For families with a history of schizophrenia, these tests will help predict whether individual members are at risk for developing the illness.

“Potentially, these tests could be given at birth, but that doesn't mean if the person has a higher score they will develop schizophrenia,” Niculescu points out. “They need to be watched more closely, and early intervention may prevent full-blown disease. For most people, it is useful to know about higher risk.

“Genetic risk doesn't mean you will for sure develop the disease,” he says. “It is not a life sentence, but in the case of complex disorder, having some of the mutations in the higher genetic risk means you can be aware and intervene earlier.”

In tandem, the tests looking at gene linkage, gene expression and mutations and the predictive eye tests are a win-win for individuals with undiagnosed or misdiagnosed mental illnesses and for people who are symptom free but who have a family history of mental illness.

As data unfolds to improve the ability of doctors to differentiate illnesses and treat earlier, the hit-and-miss pharmacological treatment approach may be replaced with a more personalized medicine approach.

“There is a lot of symptom overlap between many disorders,” says Dr. Gladys Beale, a psychiatrist with Parkview Behavioral Health. “Also, the specific clinical symptoms manifested can differ between individuals. Some disorders like schizophrenia have a long period (called a prodromal) where signs of dysfunction are marginal. It is only after a major psychotic break that retrospectively the prodrome is identified.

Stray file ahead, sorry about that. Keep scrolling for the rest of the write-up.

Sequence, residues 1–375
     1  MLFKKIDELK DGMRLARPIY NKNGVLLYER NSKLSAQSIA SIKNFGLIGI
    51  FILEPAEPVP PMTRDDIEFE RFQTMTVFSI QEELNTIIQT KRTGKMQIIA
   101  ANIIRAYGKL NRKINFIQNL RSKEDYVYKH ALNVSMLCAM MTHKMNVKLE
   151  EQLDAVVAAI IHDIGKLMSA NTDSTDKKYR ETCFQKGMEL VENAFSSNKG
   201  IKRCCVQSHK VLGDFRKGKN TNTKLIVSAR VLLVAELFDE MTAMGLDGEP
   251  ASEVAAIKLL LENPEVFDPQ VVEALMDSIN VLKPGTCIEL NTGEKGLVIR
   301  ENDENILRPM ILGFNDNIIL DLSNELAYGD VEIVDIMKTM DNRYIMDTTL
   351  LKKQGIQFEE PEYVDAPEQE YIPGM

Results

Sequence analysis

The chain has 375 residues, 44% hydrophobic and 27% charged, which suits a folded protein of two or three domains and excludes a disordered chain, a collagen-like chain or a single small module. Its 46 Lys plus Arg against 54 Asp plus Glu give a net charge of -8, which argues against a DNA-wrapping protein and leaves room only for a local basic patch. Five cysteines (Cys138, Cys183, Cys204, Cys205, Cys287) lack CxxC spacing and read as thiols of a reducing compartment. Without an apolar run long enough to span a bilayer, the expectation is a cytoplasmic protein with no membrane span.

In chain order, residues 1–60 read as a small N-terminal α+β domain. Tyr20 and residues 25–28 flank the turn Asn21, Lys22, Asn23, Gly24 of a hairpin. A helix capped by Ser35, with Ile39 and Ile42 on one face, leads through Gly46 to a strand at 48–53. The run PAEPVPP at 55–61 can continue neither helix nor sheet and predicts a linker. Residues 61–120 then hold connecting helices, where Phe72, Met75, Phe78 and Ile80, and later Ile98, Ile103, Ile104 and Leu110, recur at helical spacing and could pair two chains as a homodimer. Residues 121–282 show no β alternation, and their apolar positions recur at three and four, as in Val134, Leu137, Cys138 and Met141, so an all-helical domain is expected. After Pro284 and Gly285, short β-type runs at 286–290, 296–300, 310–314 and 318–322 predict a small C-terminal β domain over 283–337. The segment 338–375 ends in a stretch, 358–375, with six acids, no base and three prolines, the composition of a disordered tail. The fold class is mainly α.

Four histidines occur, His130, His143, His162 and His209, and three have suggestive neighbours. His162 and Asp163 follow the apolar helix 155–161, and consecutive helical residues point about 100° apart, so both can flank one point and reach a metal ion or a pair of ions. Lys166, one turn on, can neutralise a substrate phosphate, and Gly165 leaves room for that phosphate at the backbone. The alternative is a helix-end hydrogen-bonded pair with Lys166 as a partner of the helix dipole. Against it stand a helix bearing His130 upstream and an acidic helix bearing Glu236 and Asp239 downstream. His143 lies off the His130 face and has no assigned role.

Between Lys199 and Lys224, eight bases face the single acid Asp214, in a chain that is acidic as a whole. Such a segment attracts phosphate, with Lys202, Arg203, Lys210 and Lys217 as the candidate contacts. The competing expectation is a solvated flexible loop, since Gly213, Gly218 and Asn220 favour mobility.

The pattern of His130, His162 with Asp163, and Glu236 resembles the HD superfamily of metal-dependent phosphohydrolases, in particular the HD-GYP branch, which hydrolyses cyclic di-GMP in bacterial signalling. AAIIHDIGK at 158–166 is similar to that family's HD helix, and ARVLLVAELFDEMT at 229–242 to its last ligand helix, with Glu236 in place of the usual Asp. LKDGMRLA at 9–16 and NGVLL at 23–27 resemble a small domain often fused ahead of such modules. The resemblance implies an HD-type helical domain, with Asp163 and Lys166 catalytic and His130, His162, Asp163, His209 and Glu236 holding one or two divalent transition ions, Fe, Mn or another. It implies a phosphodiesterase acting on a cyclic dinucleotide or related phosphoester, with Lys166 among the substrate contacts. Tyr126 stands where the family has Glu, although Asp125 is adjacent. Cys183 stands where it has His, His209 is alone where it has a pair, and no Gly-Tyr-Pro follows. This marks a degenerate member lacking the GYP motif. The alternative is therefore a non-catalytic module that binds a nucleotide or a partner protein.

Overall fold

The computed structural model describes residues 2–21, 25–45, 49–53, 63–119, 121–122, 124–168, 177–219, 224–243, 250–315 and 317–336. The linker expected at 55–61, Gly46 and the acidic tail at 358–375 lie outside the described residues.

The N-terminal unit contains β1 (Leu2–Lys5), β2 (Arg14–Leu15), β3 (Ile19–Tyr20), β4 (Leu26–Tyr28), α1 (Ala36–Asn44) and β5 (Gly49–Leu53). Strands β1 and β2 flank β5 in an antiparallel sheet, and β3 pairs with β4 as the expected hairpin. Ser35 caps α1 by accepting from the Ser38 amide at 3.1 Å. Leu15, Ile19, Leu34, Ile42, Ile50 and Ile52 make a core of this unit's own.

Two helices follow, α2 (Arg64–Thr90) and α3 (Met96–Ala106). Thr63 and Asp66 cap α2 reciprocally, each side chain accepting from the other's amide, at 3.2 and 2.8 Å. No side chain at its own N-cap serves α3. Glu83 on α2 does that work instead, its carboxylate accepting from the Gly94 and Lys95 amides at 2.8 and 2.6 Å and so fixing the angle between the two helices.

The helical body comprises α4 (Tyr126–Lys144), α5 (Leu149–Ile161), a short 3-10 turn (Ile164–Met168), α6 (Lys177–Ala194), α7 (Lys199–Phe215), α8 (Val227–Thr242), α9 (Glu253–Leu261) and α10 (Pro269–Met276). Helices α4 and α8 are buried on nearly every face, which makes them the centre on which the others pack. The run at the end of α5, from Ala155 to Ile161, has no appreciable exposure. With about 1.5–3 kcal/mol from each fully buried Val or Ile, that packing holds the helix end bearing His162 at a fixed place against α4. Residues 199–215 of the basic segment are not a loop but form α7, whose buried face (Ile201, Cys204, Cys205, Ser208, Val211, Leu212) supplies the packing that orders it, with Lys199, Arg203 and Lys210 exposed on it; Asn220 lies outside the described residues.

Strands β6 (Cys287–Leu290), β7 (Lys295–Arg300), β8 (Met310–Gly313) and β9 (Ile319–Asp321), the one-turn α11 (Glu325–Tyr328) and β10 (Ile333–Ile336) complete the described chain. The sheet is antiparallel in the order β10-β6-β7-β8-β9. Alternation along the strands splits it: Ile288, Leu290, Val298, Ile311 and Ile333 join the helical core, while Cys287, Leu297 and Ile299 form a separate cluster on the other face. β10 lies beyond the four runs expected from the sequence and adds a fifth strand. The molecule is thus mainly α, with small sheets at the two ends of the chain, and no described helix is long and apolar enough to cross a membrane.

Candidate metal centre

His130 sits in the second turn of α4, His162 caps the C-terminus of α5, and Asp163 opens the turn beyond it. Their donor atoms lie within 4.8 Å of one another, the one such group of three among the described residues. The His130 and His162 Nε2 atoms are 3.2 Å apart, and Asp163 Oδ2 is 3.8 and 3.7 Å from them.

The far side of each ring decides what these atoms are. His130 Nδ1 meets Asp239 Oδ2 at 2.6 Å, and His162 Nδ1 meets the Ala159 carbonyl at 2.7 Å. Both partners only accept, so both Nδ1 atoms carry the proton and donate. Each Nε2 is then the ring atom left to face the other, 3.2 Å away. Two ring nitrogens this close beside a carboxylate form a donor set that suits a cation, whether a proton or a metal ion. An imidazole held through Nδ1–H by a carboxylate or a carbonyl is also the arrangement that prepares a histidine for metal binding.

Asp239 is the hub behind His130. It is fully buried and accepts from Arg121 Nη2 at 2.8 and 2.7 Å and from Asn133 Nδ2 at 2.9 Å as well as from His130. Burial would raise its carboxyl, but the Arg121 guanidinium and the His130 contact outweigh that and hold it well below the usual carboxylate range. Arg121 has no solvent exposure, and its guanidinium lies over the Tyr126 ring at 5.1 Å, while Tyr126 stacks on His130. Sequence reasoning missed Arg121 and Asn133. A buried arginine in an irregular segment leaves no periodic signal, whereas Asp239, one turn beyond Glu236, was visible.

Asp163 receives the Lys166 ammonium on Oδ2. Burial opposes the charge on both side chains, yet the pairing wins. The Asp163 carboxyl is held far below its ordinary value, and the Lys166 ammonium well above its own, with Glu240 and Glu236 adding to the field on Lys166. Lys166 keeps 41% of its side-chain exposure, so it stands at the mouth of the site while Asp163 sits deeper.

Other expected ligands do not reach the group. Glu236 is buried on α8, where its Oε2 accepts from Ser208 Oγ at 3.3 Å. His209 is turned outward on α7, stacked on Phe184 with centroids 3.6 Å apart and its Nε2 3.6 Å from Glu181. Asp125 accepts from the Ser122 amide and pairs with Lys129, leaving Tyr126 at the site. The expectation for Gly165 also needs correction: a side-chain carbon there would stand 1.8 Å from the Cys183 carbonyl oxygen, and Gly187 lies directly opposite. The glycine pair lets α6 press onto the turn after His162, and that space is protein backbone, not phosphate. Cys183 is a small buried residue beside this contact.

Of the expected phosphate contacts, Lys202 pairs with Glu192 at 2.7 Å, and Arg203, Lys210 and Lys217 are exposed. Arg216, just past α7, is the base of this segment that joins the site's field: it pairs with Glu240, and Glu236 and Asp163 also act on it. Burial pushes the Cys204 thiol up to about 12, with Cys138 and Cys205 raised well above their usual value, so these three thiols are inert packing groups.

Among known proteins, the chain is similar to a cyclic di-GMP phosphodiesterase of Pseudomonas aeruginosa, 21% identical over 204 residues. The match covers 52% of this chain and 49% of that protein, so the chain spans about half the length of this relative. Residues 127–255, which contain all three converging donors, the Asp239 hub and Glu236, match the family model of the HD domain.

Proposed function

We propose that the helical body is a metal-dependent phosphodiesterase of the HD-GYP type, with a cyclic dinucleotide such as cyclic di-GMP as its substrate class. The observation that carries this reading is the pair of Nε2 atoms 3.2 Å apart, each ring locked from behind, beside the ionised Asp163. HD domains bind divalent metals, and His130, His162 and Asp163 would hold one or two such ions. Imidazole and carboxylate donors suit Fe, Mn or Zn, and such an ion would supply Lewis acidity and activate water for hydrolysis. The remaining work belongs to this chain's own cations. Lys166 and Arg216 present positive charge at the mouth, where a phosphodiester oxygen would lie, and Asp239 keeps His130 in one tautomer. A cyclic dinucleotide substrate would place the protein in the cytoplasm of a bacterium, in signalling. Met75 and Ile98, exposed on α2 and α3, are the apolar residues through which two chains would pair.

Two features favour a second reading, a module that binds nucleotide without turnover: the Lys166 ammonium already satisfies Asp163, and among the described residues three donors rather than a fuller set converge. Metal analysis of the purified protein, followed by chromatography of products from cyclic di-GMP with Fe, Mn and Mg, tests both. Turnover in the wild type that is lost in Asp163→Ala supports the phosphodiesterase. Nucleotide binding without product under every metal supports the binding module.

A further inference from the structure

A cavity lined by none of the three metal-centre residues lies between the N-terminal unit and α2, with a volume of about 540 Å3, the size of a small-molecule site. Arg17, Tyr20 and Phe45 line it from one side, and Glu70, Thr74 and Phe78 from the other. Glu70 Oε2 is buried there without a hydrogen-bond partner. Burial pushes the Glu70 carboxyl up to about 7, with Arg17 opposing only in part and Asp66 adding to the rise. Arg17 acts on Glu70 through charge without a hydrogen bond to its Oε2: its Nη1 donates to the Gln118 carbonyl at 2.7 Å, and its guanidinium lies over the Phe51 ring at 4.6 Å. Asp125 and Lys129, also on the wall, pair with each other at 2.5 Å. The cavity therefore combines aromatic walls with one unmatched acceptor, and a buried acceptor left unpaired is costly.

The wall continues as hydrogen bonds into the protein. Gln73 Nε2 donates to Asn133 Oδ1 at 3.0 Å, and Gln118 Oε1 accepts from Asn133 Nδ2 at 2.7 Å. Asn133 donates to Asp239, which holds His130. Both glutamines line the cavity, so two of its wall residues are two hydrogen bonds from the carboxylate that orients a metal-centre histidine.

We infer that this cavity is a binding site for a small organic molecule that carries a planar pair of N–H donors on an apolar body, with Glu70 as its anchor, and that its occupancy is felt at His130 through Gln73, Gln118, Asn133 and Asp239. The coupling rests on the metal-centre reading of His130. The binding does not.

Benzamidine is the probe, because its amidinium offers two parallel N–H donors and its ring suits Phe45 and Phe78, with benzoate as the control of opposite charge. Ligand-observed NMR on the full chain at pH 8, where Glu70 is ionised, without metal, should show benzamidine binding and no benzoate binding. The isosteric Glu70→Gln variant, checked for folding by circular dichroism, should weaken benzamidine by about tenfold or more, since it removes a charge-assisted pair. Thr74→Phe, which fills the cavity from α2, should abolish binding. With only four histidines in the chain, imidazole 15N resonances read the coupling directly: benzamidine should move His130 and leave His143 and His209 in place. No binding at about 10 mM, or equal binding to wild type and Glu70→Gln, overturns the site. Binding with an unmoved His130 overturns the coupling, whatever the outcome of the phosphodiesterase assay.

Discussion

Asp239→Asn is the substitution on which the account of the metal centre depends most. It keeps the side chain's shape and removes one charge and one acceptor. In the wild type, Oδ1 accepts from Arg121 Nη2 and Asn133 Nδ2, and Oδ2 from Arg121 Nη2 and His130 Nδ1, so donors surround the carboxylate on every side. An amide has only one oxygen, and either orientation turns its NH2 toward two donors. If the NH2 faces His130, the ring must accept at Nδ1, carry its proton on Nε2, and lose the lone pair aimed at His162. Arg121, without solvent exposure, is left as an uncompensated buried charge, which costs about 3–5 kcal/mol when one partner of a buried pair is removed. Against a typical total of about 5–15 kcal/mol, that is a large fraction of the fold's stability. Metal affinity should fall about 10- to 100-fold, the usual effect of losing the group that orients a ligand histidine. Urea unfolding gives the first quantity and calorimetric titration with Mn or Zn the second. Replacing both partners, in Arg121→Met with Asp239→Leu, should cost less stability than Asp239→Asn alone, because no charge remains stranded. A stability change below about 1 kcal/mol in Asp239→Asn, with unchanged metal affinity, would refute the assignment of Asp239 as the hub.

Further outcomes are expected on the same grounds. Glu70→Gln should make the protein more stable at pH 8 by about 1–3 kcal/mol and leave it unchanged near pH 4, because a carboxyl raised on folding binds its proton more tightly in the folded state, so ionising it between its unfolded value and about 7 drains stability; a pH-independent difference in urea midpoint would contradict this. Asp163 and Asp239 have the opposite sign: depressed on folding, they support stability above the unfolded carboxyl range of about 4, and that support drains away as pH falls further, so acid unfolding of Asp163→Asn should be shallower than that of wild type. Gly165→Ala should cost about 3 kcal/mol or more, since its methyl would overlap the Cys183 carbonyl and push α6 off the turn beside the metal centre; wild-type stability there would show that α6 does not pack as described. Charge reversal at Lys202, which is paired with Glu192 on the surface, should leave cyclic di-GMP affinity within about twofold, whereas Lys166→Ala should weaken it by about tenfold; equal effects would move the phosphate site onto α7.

“The eye test, if very specific for a disorder, would be valuable,” Beale says. “A biomarker is more concrete so that the diagnosis is readily more likely to be accepted by the patient. Eye tests would be invaluable if they could identify schizophrenia before the first psychotic break. Since the neurodegenerative process is quite severe at the time of presentation, earlier detection could be preventative.”

Niculescu concurs, though he says in his evaluation of the data outlined by Benson and his colleagues, the 98 percent predictability rate is “inflated.” Still, the eye tests hold great promise for changing the trajectory of early diagnosis of schizophrenia and other mental illnesses.

“It should be studied in children and adolescents who are quite at high risk and in people with relatives with schizophrenia,” Niculescu says, to determine, “how well does it catch symptoms early on before the disorder develops?”

With the potential of major reductions in funding for medical research due to federal budget cuts, I am encouraged that researchers such as Niculescu and IU's Laboratory of Neurophenomics and the Scottish scientists are taking a collaborative approach rather than operating in solo efforts.

“We're actually looking at combining some of the eye tests at our clinic and how they correlate with the genetic findings,” Niculescu says.

When I read headlines of people with undiagnosed mental illness going on shooting sprees in a theater or hearing less dramatic but still heart-wrenching stories of families torn apart by serious mental illness, such as my friend's, these collaborative research projects are a win-win for all of us.

This column is the personal opinion of the writer and does not necessarily reflect the views or opinion of The News-Sentinel.